A year after being celebrated as one of the top college football coaches in the country, Towson's Rob Ambrose has been accused by a disgruntled former player of breaking NCAA rules and making offensive remarks to help pump up his team in a pre-game pep talk earlier this season.

In a letter to the school newspaper, The Towerlight, Trevor Walker wrote that Ambrose lied to the athletic department's compliance officer about the number of hours the team practiced this summer and that the fourth-year coach used inappropriate language on many occasions, including before a game against St. Francis last month.


Walker, a senior defensive back from Bensalem, Pa., also wrote that defensive coordinator Matt Hachmann cursed at him earlier this month after Walker went to the coach's office to ask him about his diminished role.

Towson athletic director Mike Waddell said in an e-mail to the newspaper that his compliance officers conducted an investigation.

"No improprieties regarding practice times were found and no findings indicated that the physical well-being of football student-athletes was placed in jeopardy," Waddell said in the e-mail. "As a matter of departmental protocol, the language that was reportedly used between the coaches and student-athletes would not be in line with the core values of Towson University and Towson Athletics. This is being addressed with all parties involved, coaches, staff and student-athletes."

A part-time starter at linebacker in 2010 when the Tigers finished 1-10, Walker missed last season's turnaround because of an injury. Towson finished 9-3 and made the Football Championship Subdivision playoffs for the first time. Walker was moved to the secondary this season, but played in just one of the team's first seven games.

The letter, which came after Walker was dismissed from the team by Ambrose, detailed an account of what Walker said was Ambrose's filing incorrect practice and meeting times with the athletic department's compliance offiers. Walker said that Ambrose and his staff exceeded the five hours a day deemed allowable by the NCAA.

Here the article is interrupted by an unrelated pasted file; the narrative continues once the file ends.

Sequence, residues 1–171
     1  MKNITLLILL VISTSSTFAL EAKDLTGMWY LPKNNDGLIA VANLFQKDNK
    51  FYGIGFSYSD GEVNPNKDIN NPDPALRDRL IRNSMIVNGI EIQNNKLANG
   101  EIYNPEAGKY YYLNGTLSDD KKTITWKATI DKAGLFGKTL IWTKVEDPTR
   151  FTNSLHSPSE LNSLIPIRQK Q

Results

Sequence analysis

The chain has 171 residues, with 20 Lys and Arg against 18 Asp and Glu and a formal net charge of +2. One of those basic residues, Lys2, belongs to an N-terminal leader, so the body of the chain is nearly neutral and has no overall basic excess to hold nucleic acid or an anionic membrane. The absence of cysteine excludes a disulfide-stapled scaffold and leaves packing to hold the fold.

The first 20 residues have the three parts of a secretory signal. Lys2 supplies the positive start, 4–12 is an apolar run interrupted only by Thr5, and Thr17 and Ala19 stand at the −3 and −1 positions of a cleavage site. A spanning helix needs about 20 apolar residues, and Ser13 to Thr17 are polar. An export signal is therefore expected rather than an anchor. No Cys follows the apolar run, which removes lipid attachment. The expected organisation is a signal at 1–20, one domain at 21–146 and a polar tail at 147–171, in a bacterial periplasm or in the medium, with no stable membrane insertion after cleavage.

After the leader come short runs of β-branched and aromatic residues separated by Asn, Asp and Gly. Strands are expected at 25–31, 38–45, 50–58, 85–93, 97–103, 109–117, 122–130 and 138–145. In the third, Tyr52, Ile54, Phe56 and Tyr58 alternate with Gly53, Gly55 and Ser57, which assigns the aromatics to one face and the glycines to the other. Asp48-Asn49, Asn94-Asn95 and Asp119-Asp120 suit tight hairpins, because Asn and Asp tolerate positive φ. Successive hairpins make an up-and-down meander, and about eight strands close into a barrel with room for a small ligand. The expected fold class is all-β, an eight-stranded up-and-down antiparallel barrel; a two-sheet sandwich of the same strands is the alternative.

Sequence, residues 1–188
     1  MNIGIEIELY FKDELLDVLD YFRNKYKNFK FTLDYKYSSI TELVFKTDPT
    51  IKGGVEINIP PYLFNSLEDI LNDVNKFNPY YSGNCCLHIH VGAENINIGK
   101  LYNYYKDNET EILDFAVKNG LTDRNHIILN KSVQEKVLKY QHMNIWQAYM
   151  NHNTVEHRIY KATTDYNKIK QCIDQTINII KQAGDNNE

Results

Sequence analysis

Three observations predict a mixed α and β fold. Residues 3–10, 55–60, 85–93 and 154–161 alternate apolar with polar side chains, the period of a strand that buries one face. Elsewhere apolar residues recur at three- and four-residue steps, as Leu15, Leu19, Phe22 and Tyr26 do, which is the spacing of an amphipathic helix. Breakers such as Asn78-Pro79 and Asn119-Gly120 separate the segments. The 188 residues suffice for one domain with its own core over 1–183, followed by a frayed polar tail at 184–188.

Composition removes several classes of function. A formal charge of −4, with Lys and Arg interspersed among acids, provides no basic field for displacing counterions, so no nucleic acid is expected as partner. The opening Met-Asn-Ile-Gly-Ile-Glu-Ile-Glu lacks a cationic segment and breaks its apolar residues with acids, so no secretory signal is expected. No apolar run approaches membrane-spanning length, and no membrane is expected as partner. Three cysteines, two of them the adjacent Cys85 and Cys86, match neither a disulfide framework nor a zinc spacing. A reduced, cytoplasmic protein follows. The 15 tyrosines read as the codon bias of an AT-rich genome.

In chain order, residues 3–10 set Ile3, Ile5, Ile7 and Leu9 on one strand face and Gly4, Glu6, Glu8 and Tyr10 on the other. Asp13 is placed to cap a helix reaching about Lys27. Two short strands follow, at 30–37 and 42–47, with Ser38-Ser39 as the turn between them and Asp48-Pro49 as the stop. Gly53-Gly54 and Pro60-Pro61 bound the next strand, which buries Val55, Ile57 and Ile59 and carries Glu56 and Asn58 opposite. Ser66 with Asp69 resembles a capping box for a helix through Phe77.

Walker also paraphrased his coach's pre-game speech.

"'I do not care what your religion is,'" Walker wrote that Ambrose said. "'I do not care if I offend anyone. But even if Jesus and his disciples come in here on Saturday, we are going to [expletive] them up and get them the [expletive] out of here.'"

Walker added that the statement "offended many players on the team especially those with strong Christian beliefs," adding that "there are many other questionable things said we believe are crossing the line of ethics."

The allegations made by Walker, who said that his complaint to university officials was signed by roughly two dozen other players, came after star tailback Terrance West tweeted a comment after being held out of last Saturday's 31-20 loss at home to Old Dominion, implying to some that he was going to leave the school.

The tweet — "It's been good Towson!!!!" — has since been taken down and an athletic department spokesman said Tuesday that West (Northwestern) remains on the team. Towson (3-4) plays at Villanova on Saturday.

West, who won the Jerry Rice Award last season as the nation's top freshman in FCS, was reported to have sat out the game because of a death in the family.

Ambrose, who was rewarded with a contract extension after last season, when he was given the Eddie Robinson Award as the top coach in the FCS, did not return telephone calls from The Baltimore Sun seeking comment.

According to The Towerlight, preliminary investigations into Walker's allegations were made by the president's office, the faculty representative to the athletic department and by a deputy athletic director, according to the president's chief of staff.

A statement released to the newspaper by the president's office read that, "The investigation included but was not limited to unplanned practice observations, review of football student-athlete exit-interviews, and sports medicine reports.


"No findings suggested that the well-being and welfare of our student-athletes were placed in jeopardy. We will continue to uphold the values of the institution and appreciate the department of Athletics swift action to address this student-athlete's concern."

Waddell did not respond to messages seeking response from The Baltimore Sun. The athletic department spokesman said that Waddell had been in meetings all day with the university task force looking into recent recommendations to cut the men's soccer and baseball teams.